NEW YORK -- In a city where the concept of NBA free-agent doomsday is alive and well in the form of Carmelo Anthony, LaMarcus Aldridge could have walked up and down Lexington Avenue all day before someone recognized him or guessed his contract status.
Back in Portland, the tale of Aldridge's day-to-day happiness is big news. Here, in a quaint gym on the campus of Baruch College, it was the last thing on his mind -- or anyone else's.
But the reality is, Aldridge now openly discussing his desire to entertain a contract extension with the Trail Blazers should be big news. That's because getting Aldridge to a place where he is surrounded by winning talent, with an organization that is well positioned to sustain its surprising success, was a monumental achievement.
"As a player I feel like I have a good mind-set about this, just making sure that I'm not taken for granted and making sure that we're in a good place," Aldridge told CBSSports.com on Tuesday after the Blazers practiced in Manhattan to prepare for Wednesday night's game against the Knicks at Madison Square Garden.
The Garden crowd hasn't been treated to much this season except overpriced tickets and an underperforming team. On Wednesday night, it will be treated to one of the true, organic NBA success stories. After two straight years out of the playoffs and so much bad luck with Greg Oden and Brandon Roy, the Blazers are back. They've faded in January after an impossibly hot start, but GM Neil Olshey steadying what had been a sinking ship to the point where Aldridge now wants to stick around is nothing short of remarkable.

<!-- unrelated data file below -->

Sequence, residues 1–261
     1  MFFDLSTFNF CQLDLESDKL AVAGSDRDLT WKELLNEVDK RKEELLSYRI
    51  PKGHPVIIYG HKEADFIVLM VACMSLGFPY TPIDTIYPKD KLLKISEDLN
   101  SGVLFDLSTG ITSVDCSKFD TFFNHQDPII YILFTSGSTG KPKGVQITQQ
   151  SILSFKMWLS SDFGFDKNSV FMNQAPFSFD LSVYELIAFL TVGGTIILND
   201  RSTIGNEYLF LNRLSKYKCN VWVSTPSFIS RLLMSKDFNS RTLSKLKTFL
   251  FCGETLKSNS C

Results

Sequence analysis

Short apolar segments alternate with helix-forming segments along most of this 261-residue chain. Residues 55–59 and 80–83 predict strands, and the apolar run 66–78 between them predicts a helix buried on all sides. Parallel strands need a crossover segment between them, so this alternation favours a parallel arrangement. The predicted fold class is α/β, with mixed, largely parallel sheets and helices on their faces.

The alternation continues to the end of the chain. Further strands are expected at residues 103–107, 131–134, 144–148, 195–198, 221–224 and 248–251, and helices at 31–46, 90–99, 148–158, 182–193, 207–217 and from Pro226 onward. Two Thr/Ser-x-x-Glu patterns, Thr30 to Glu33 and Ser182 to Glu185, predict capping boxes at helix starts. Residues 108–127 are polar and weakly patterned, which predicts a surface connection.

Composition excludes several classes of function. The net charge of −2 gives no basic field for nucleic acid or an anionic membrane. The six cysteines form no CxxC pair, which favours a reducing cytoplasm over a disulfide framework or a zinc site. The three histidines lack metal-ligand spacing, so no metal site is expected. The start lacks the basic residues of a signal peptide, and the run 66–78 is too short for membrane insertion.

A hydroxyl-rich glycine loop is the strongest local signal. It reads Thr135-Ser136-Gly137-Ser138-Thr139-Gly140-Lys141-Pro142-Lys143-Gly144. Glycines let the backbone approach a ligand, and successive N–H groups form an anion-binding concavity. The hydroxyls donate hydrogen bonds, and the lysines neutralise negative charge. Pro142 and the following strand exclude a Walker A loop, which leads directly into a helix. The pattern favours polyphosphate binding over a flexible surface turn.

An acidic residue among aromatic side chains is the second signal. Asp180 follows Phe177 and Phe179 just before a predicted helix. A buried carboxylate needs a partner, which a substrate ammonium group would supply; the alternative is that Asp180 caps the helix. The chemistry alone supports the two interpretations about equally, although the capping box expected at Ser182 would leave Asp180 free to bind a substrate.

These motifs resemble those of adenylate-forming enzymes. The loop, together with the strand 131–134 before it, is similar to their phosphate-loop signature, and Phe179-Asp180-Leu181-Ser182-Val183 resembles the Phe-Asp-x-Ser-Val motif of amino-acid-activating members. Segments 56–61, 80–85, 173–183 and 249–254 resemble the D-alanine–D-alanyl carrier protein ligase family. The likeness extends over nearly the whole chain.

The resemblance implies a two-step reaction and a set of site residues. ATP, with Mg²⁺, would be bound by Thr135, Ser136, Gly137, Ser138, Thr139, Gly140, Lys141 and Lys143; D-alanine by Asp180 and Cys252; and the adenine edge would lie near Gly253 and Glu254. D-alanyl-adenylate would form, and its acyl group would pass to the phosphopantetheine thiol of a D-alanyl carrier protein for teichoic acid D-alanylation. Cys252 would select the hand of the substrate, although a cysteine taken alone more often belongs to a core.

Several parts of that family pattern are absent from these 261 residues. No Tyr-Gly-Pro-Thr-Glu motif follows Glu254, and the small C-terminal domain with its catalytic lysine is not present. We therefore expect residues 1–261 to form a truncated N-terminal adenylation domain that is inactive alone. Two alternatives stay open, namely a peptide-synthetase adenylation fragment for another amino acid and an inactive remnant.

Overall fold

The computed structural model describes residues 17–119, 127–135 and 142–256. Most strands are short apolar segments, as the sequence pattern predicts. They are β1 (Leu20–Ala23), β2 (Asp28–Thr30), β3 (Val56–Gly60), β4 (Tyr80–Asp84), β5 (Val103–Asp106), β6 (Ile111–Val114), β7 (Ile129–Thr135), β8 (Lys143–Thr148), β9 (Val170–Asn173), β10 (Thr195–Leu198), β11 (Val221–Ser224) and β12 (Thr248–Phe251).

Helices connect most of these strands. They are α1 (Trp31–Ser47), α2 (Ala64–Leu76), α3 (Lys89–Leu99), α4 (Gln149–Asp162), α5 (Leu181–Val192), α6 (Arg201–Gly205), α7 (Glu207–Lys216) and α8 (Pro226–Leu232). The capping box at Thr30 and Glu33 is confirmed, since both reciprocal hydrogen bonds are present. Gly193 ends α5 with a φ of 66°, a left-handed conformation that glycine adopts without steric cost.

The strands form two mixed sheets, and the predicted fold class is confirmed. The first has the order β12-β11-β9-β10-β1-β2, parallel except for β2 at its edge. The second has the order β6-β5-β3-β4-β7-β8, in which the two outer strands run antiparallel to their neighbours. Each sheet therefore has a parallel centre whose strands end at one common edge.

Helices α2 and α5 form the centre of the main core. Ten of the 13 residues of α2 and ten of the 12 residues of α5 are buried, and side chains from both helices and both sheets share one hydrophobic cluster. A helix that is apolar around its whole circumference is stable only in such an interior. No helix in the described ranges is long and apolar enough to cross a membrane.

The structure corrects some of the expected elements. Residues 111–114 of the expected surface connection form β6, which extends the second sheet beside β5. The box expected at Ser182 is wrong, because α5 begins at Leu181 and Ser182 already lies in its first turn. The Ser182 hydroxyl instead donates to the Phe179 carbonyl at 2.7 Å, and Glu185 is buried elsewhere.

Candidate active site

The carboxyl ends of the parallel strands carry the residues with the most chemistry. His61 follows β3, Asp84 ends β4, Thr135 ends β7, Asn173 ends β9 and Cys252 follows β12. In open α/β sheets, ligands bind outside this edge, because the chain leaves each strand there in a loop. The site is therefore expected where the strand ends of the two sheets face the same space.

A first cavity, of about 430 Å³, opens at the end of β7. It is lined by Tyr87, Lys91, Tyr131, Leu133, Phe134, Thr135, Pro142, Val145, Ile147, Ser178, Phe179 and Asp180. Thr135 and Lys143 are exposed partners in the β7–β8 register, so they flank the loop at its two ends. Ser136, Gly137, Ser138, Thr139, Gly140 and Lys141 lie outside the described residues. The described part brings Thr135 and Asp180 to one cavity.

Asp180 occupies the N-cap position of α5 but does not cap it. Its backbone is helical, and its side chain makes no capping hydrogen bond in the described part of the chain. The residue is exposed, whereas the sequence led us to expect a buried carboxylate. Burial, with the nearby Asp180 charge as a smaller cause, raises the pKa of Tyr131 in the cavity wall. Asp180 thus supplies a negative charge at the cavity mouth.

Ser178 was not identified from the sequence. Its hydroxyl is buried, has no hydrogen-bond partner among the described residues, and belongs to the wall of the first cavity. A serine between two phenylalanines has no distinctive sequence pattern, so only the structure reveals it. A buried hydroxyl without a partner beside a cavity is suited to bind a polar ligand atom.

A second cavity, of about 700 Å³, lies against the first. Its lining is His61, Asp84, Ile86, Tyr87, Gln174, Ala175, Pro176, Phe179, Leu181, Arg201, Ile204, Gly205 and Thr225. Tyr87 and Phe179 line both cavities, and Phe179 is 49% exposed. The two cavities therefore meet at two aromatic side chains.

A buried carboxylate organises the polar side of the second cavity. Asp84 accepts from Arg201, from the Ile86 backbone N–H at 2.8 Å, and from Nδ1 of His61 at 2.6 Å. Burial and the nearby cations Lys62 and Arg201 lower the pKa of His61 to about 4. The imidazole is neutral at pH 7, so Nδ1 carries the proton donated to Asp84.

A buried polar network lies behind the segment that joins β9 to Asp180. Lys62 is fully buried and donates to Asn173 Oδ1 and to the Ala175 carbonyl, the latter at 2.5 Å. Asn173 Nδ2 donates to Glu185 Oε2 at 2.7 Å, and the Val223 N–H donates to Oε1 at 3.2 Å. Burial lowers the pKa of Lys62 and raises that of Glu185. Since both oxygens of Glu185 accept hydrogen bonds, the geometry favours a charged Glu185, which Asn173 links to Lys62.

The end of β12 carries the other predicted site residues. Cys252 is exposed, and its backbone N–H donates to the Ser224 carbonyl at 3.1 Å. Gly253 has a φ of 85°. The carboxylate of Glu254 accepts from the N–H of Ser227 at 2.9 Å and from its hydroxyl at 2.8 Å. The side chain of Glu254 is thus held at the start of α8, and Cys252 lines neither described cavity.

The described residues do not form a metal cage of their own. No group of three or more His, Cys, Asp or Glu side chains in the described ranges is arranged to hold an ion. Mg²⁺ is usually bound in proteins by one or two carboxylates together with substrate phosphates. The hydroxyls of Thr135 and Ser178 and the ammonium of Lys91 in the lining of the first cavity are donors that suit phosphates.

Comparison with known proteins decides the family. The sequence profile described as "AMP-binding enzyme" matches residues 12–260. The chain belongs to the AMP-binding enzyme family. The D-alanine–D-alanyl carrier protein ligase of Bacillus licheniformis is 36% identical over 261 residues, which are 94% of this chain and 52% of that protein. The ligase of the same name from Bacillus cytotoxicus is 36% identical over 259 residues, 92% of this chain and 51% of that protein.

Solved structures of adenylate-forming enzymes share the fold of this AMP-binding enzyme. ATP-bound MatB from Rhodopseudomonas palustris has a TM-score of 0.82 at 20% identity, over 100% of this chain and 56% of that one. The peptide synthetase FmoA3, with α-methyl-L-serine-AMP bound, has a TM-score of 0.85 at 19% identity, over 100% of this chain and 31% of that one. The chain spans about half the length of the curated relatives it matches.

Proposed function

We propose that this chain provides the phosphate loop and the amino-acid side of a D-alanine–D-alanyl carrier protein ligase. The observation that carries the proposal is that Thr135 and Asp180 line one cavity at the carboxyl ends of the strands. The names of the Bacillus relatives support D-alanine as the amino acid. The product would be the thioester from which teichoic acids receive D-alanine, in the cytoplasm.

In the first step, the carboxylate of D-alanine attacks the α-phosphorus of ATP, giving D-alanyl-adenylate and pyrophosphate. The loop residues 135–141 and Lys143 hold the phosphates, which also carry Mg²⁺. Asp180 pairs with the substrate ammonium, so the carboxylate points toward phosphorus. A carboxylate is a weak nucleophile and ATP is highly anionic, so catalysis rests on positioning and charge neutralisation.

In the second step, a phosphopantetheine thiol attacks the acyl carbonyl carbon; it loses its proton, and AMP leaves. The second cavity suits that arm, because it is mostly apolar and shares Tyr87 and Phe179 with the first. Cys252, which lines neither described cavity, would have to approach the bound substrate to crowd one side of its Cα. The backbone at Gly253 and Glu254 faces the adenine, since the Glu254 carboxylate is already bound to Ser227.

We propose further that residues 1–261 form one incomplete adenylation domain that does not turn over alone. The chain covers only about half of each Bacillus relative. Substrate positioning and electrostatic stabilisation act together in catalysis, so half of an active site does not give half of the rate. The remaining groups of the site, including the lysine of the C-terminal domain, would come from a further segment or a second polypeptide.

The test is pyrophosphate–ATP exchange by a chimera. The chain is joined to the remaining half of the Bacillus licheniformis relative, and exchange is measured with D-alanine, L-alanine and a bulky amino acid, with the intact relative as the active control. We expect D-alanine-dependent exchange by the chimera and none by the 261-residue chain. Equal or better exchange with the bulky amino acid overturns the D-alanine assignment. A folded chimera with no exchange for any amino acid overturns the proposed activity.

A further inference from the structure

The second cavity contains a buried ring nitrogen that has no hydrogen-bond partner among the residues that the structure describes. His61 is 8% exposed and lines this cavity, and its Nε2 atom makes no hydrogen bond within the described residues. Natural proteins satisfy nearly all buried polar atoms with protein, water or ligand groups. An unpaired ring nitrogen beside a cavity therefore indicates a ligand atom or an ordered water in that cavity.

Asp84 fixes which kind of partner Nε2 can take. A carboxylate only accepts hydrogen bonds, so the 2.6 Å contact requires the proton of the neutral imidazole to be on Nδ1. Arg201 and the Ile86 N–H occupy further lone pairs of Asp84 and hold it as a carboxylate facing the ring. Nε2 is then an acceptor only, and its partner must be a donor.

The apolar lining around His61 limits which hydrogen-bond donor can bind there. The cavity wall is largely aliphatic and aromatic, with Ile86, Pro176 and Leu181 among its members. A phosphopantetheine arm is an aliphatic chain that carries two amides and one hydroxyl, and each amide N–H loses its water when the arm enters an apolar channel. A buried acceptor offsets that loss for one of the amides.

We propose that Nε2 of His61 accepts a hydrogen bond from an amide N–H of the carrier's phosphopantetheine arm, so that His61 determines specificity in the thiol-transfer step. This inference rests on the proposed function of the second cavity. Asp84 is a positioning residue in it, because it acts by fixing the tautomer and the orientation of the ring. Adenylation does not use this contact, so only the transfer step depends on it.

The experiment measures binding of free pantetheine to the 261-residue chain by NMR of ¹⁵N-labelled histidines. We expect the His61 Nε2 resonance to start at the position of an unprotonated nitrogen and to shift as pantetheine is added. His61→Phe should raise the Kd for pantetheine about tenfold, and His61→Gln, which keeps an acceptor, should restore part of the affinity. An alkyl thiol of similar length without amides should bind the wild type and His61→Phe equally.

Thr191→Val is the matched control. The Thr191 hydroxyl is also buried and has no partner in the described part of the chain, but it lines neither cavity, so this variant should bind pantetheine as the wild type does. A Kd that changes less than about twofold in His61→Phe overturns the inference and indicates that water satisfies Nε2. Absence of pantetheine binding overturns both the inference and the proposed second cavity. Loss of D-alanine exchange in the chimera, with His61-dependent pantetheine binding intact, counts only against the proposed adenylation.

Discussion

"Winning and happiness and making sure my worth is valued," Aldridge said, when asked what he will prioritize when it comes time to decide his future. "It's always nice to be noticed for doing good things."
It was only a few months ago when word was spreading on the NBA grapevine that Aldridge had seen enough in Portland and wanted out. And truly, who could've blamed him? The Blazers' window certainly appeared to have slammed shut, their decline all but assured.
But Olshey has done in Portland for Aldridge what he did for Chris Paul in Los Angeles: He made it a place where a star wants to stay. From the drafting of Damian Lillard to the hiring of Terry Stotts to the revamping of the bench this past summer, the Blazers are on a sustainable path. They've acquired talent and cap flexibility without squandering assets. They have front-office stability, too, after years of unrest.
Last month, Aldridge said publicly that he believes the team will be capable of winning a championship "in the next couple of years," and went so far as to say he'd like to discuss a contract extension this summer if the team would like to do the same. Forget for a moment that such an extension is unlikely under the NBA's current system, since Aldridge, 28, can only extend for two years beyond the season he'll have left on his contract after this one. Never mind that no All-Star in his right mind would agree to a two-year extension that would make him a free agent at 32 when he can simply wait out his current deal and become a free agent in 2015 at age 30 -- and then sign a five-year, max deal.